A lot of modern nutrition experts believe that the Mediterranean diet is the best diet ever. But do you really understand what the Mediterranean diet is all about? What do you really know about it? Are you confident that you have your facts straight? To understand how the Mediterranean diet works, let us try to understand the basic principles that govern it, shall we?
What It’s Not
To understand what the Mediterranean diet is all about, you need to know what it’s not. In a nutshell, the Mediterranean diet is not:
- Another weight loss diet. You can lose weight by adhering to the guiding principles of the Mediterranean diet but weight loss is definitely not its primary purpose.
- A low-fat diet. The Mediterranean diet doesn’t put a cap on the amount of fat you can consume. Rather, it prescribes where you should and shouldn’t get your dietary fat from.
- A vegetarian or vegan diet. Eating meat is not prohibited. It can still be consumed, although sparingly and within healthy limits.
What the Mediterranean Diet Really Is
The Mediterranean diet works because it is an actual diet. It was patterned after how the Mediterranean people actually ate up until some 50 years ago. By then, the Mediterraneans were found to be among the world’s healthiest people despite the high smoking rates in those countries.
The Seven Countries Study which was published in 1970 marked the beginning of the worldwide interest in the so-called Mediterranean diet. According to the results of this research, people in the island of Crete in Greece suffered the least from cancer and other cardiovascular diseases as compared to people in the US, Finland, Italy, Japan, the Netherlands and Yugoslavia. It is also interesting to note that the incidence of such diseases was also significantly lower in southern Italy, a country whose diet was very similar to Crete.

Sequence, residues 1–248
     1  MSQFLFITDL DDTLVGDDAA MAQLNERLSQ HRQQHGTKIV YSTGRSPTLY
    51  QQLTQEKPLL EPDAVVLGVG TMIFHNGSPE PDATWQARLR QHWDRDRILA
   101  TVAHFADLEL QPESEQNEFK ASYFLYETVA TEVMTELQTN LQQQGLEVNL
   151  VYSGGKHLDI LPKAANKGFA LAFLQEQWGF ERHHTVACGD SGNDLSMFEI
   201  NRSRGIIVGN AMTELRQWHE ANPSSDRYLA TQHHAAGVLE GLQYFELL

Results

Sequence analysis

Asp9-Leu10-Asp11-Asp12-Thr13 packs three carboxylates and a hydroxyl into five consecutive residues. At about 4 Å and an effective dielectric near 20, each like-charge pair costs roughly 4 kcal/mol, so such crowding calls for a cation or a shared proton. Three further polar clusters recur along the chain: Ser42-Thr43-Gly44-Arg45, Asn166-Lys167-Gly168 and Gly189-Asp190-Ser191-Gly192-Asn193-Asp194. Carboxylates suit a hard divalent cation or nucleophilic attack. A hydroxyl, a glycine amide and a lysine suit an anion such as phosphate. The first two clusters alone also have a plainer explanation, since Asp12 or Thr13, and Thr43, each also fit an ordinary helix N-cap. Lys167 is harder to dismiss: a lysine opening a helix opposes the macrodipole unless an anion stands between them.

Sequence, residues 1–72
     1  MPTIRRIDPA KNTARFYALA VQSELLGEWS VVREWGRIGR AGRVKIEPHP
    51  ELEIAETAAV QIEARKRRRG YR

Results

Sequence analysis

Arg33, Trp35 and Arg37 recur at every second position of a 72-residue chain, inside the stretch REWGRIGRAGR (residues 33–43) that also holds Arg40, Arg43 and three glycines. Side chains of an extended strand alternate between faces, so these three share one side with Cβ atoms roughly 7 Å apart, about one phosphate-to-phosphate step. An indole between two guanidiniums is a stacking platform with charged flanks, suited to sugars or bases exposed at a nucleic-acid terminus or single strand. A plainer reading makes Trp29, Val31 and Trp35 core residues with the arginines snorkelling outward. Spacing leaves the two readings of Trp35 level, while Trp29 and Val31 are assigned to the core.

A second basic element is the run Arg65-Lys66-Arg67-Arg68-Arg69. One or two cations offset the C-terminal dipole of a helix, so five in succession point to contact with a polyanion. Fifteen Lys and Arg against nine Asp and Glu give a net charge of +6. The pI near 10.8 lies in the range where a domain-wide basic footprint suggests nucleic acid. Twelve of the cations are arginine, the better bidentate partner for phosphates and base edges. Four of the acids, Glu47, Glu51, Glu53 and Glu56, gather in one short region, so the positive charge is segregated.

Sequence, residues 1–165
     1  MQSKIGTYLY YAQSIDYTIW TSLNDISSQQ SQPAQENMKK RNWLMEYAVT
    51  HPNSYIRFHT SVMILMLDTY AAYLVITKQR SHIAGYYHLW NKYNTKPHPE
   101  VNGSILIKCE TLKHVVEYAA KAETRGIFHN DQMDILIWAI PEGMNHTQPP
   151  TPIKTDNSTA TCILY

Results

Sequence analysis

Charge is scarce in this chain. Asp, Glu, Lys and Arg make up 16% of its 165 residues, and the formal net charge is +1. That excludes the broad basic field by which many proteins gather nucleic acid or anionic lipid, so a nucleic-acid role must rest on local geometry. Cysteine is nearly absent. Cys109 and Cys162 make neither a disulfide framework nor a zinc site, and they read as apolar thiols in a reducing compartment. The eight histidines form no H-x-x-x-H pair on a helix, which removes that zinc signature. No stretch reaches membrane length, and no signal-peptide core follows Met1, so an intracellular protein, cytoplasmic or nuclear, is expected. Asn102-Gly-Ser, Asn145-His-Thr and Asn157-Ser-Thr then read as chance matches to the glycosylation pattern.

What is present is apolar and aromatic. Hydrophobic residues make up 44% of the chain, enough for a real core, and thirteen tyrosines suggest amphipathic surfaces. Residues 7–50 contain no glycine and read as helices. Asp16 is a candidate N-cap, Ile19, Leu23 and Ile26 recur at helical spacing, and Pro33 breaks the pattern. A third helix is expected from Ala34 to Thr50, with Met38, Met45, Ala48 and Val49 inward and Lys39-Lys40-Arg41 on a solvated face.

Can these observations be attributed to the differences in the diets in these countries? While these early experts firmly believe that there may be a connection between the two, they still cannot prove it at that time due to lack of solid proof. However, after decades of extensive research, scientists are becoming more and more convinced that a lot of health benefits can be gained from following the Mediterranean way of eating.
So, how does the Mediterranean diet help us live healthier lives? The answer lies in the guiding principles that define this way of eating.
- The Mediterranean diet calls for high consumption of fresh fruits and vegetables, whole grains, legumes, nuts and fish. As Dr. Mitchell Roslin, director of Obesity Surgery at the Lenox Hospital in New York, puts it – “the healthiest foods grow on the ground”. These foods are definitely some of the richest sources of vitamins, minerals and antioxidants you can ever think of. They help promote better health by warding off infections and inflammations caused by free radicals in the environment. Additionally, the rich dietary fiber content of plant-based foods can help prevent constipation, diabetes and cardiovascular disease.
- Preferential use of monounsaturated fats over saturated fats. Mediterraneans just love using olive oil. In fact, it has almost become synonymous with Mediterranean cuisine! If you still don’t know, olive oil is a rich source of monounsaturated fat and these kinds of fat can significantly lower bad cholesterol levels in your blood.
- Limited consumption of meat and dairy. These food products contain significant amounts of saturated fat which can increase the levels of bad cholesterol in the blood.
- Moderate consumption of alcohol (optional). While some nutrition experts agree that moderate consumption of alcohol can have positive effects on your cardiovascular health, others express their reservations regarding the matter. According to studies, even moderate consumption of alcohol can increase the risk of breast cancer and birth defects.
So, is the Mediterranean all about food? Well, no. While a lot of emphasis is being given to what you should and should not eat, the Mediterranean diet is more than just a diet. It is a way of life. In fact, it recognizes the role of exercise and mealtime sociability in the overall picture and highly recommends it.